A possible end to road rage?
THERE’S nothing like two warring motorists to bring traffic to a standtill.
Last weekend the bridge in town provided the battlefield as one passer-through foolishly decided to start tooting his horn. Why foolish? Because he picked on a local farmer who was built like a mountain and was driving a jeep.
With a screech of brakes and a yank of the handbrake, the farmer charged from his monster machine and began pounding on the irreverant driver’s window. He let him know in no uncertain terms whose turf he was on and that he’d ‘been driving these roads for years’. Whether he was right or not was never up for discussion.
The driver visibly shrank back into his seat and kept his window up until his aggressor had made off. Simply two more victims of road rage.
Prior to ‘Boomtime Ireland’ road rage was not that common in this country. Outside Dublin it scarcely existed at all, with the rural Irish being too aware of their surroundings and the risk of being known to ever dream of ‘blowing’ somebody off the road. But with the cash came the change.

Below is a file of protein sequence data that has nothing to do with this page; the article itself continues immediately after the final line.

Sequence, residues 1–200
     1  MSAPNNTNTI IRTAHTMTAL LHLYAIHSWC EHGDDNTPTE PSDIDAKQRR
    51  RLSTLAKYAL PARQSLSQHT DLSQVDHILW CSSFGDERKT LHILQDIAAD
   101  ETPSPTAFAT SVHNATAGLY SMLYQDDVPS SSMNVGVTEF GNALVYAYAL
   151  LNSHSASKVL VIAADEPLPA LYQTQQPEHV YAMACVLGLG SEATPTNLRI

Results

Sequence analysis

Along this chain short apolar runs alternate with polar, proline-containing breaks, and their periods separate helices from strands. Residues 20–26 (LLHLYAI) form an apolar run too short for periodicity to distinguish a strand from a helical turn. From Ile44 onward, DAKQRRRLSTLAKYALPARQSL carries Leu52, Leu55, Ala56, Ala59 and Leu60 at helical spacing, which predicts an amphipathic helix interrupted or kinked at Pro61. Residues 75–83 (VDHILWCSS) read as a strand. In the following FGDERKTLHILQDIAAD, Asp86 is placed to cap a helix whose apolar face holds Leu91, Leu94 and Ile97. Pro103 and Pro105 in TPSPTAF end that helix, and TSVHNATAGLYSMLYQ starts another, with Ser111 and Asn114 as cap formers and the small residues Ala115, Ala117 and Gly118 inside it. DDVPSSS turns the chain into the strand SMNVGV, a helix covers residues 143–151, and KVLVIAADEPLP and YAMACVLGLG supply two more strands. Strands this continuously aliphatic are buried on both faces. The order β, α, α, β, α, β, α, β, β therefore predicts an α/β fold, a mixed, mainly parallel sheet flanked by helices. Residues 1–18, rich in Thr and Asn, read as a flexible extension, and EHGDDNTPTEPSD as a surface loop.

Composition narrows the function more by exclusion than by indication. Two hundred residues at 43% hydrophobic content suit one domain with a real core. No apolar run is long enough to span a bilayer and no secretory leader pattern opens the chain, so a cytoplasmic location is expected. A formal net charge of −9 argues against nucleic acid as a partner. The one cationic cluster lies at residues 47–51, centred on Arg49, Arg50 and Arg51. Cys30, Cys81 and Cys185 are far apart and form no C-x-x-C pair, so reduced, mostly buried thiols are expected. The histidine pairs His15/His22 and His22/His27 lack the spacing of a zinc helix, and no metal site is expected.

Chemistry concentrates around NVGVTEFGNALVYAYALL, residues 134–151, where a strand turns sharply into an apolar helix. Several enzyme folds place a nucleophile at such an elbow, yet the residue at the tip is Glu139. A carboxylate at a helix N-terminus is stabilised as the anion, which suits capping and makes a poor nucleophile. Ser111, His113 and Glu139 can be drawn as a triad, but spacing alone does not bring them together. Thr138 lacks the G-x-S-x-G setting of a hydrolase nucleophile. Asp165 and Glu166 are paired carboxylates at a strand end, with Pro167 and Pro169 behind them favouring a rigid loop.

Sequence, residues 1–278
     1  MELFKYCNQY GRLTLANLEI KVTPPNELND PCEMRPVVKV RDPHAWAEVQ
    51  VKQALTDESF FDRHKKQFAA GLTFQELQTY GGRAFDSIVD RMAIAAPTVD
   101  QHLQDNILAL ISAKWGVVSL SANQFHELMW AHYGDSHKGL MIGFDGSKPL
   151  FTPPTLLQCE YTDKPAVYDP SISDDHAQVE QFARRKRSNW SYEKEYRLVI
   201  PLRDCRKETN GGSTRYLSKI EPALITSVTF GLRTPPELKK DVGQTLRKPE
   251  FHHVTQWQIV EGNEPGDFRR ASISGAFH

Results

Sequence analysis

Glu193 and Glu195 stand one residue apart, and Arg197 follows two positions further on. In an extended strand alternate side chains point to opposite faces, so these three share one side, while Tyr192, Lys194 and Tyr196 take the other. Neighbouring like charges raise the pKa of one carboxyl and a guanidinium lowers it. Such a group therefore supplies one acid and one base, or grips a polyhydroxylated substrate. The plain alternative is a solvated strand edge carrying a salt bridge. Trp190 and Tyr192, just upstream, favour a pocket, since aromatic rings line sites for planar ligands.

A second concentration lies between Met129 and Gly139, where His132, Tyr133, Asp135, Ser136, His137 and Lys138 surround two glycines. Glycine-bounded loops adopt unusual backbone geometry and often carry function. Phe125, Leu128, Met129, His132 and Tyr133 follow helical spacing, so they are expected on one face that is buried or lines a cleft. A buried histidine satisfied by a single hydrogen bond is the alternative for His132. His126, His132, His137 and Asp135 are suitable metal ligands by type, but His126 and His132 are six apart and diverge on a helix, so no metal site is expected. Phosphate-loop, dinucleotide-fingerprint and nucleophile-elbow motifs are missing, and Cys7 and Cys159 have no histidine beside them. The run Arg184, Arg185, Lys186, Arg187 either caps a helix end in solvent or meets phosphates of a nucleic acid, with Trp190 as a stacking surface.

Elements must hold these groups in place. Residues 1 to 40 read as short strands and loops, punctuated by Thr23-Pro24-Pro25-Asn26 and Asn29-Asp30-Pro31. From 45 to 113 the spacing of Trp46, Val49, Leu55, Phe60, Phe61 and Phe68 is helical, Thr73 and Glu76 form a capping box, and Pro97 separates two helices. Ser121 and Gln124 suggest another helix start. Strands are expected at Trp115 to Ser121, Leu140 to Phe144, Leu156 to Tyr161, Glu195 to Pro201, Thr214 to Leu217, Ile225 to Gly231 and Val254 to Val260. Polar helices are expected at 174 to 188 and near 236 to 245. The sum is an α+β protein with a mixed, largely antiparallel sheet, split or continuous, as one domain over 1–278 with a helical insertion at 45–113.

Suddenly people could choose their motors from the top-of-the-range catalogues and with their pseudo-promotion to the upper echelons of society, came pretence.
The legendary rages on the streets of our European city counterparts, the Italians in particular, inspired the ‘suits’ in the capital and their impatience and contempt for the ‘little man’ would soon trickle their ways onto the country roads. Meek motorists were given an ultimatum: get in the hard shoulder love or you’re gonna be put there instead. But is all this about to change?
With the economic crash, sales of new cars are down a reported 80 per cent in some areas and mechanics feel like it’s Christmas everyday as business soars.
Seeing as disposable income has gone the way of the dinosaur, people are hanging onto their bangers and the glamour generation that has graced our concrete catwalks will soon take its place in the memory, and the imagination. So it all bodes well for the eradication of road tantrums. The pace of life is slowing down, retreating back into its shell and people in dodgy old motors are less likely to be drawing attention to themselves by picking unnecessary fights with their fellow drivers.
You might even trace it back to playground politics where you put the power hungry on a diet and subsequently, the engines at the heart of the operation run more smoothly.
BOOKIE’S BIG GAMBLE
THE news that bookmakers William Hill are to close 14 of their 51 outlets nationwide is surprising and proof that even the gamblers out there are cradling their coppers.
However, you have to be tickled by the date that they have chosen to begin their cull, March 23. A few short days after Cheltenham and what seems to be one last hurrah for the turf accountants.
Providing the favourites don’t romp home all week that is...